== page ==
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Deepak Chopra Details  Leela  Meditation Game For Kinect, Wii
Deepak Chopra Details Leela Meditation Game For Kinect, Wii
July 19, 2011 | By Kyle Orland

July 19, 2011 | By Kyle Orland
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Spirituality expert and alternative medicine proponent Dr. Deepak Chopra has revealed details of his upcoming release Leela, an interactive meditation aid without set goals.

Chopra told the AP that Leela -- Sanskrit for "play" -- will include seven different tasks devoted to different chakras, or energy centers on the body.

A root chakra exercise will ask players to tilt their hips to grow on-screen plants, while the heart chakra exercise will let players use fireballs to collect gems embedded in rocks.

Chopra said he felt games like Leela could "accelerate neural development and biological evolution," in contrast to many other games that "[create] addictions to violence, adrenaline and mindlessness, rather than mindfulness."

Two versions of the game are planned -- one for the Wii and one using Kinect on the Xbox 360. The latter version will reportedly include an exercise which uses the Kinect to measure users' chest movements to monitor breathing patterns.

Leela comes out of an licensing agreement between Chopra and THQ, announced last October, which gave the publisher the exclusive rights to publish games based on the controversial guru's teachings. The game is targeted for a November 8 release.



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Comments


Christopher Myburgh
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Tilting your hips to grow on-screen plants and using fireballs to collect gems embedded in rocks could "accelerate neural development and biological evolution"...?



I'm guessing "spirituality expert" must be a technical term for "crackpot".

Glenn Storm
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At the Experimental Gameplay Sessions (GDC 11), Agustin Perez Fernandez showed Mantra, a game that emphasized concentration in moving among abstract forms in a rhythmic fashion. This was clearly aimed at guiding the player to experience a meditative state. And it was utterly uncanny how Agustin was able to talk about the development of the game _while playing a live demo_. It seemed to be a testament to the game's ability to increase player's ability to concentrate and focus. The screenshot of Leela above looks more naturalistic than Mantra, but I wonder if some of the game dynamics are similar.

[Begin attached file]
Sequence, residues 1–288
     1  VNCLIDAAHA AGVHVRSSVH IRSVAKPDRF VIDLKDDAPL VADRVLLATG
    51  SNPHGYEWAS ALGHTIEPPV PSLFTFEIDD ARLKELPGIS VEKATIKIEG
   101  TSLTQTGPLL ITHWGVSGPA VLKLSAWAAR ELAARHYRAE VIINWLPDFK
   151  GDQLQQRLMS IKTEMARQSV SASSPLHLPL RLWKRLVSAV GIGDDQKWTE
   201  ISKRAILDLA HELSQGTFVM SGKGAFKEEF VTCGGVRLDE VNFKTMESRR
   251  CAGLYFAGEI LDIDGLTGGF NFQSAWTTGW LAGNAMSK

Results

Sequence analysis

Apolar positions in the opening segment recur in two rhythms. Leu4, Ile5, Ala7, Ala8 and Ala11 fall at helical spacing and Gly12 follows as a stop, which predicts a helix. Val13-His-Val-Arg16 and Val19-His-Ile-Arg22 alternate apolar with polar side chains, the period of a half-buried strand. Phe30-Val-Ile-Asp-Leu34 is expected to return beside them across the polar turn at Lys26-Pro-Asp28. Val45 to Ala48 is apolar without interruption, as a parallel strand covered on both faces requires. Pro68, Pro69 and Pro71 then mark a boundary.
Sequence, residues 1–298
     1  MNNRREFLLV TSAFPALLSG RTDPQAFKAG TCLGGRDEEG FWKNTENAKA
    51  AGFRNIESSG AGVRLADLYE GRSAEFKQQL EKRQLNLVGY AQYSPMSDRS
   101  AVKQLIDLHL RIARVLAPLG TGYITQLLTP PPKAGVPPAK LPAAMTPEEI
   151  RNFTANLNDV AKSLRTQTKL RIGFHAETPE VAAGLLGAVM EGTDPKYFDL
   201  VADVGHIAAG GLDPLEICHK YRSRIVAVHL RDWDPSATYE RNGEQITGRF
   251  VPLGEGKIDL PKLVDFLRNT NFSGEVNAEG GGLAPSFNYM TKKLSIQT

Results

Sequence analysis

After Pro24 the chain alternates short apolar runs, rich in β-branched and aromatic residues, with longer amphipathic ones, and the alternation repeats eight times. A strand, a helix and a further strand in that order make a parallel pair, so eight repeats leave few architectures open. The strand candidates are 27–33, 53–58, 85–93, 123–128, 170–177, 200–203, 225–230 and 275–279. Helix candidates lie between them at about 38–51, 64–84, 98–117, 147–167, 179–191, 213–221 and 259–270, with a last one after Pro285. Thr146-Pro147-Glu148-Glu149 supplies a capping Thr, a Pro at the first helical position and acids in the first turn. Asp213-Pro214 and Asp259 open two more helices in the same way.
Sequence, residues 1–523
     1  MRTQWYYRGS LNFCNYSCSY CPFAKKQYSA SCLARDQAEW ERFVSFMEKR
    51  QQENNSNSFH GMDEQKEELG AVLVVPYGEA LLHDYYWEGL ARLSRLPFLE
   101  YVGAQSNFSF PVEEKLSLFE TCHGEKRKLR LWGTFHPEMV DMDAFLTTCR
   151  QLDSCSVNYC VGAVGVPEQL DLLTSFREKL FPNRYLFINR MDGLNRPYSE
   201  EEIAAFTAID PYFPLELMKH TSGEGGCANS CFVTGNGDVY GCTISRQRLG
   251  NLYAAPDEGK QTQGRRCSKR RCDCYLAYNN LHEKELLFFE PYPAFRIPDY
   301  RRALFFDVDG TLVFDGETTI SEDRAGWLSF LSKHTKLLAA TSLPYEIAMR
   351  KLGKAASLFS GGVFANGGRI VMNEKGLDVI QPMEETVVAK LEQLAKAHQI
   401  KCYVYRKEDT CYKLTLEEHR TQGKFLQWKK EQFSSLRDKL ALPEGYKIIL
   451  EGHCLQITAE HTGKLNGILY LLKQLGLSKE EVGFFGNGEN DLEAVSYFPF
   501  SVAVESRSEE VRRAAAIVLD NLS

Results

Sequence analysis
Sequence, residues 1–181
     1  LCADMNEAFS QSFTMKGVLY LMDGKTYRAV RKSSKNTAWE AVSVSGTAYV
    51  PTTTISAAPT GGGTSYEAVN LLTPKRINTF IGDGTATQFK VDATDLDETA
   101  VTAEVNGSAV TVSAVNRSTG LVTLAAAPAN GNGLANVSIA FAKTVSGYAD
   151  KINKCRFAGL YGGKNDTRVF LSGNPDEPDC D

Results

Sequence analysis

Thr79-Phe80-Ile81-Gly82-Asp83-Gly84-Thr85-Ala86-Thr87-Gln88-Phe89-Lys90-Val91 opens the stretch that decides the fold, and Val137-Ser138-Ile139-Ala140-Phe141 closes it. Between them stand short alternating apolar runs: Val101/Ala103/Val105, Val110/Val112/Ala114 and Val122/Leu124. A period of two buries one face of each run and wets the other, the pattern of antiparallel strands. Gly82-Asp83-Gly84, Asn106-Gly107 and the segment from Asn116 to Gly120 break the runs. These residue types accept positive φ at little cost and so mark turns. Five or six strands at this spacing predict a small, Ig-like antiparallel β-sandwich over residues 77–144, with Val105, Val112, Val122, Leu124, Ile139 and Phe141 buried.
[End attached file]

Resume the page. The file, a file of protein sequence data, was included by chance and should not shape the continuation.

Jamie Mann
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Glenn: was it really a testament to the game's ability to increase multitasking, or a demonstration of Agustin's ability to multitask? After all, it's his own game, so he'll be highly familiar with it's workings, which in turn reduces the amount of "conscious" monitoring he has to do - much as the way I can hold a conversation while driving a manual (aka stick-shift) car through busy traffic, through traffic-lights and over a roundabout. That involves a significant number of factors - monitoring the speed and location of other vehicles, maintaining an appropriate speed (via balancing of the clutch/accelerator), steering the car, selecting the appropriate lane and listening/responding to the passenger.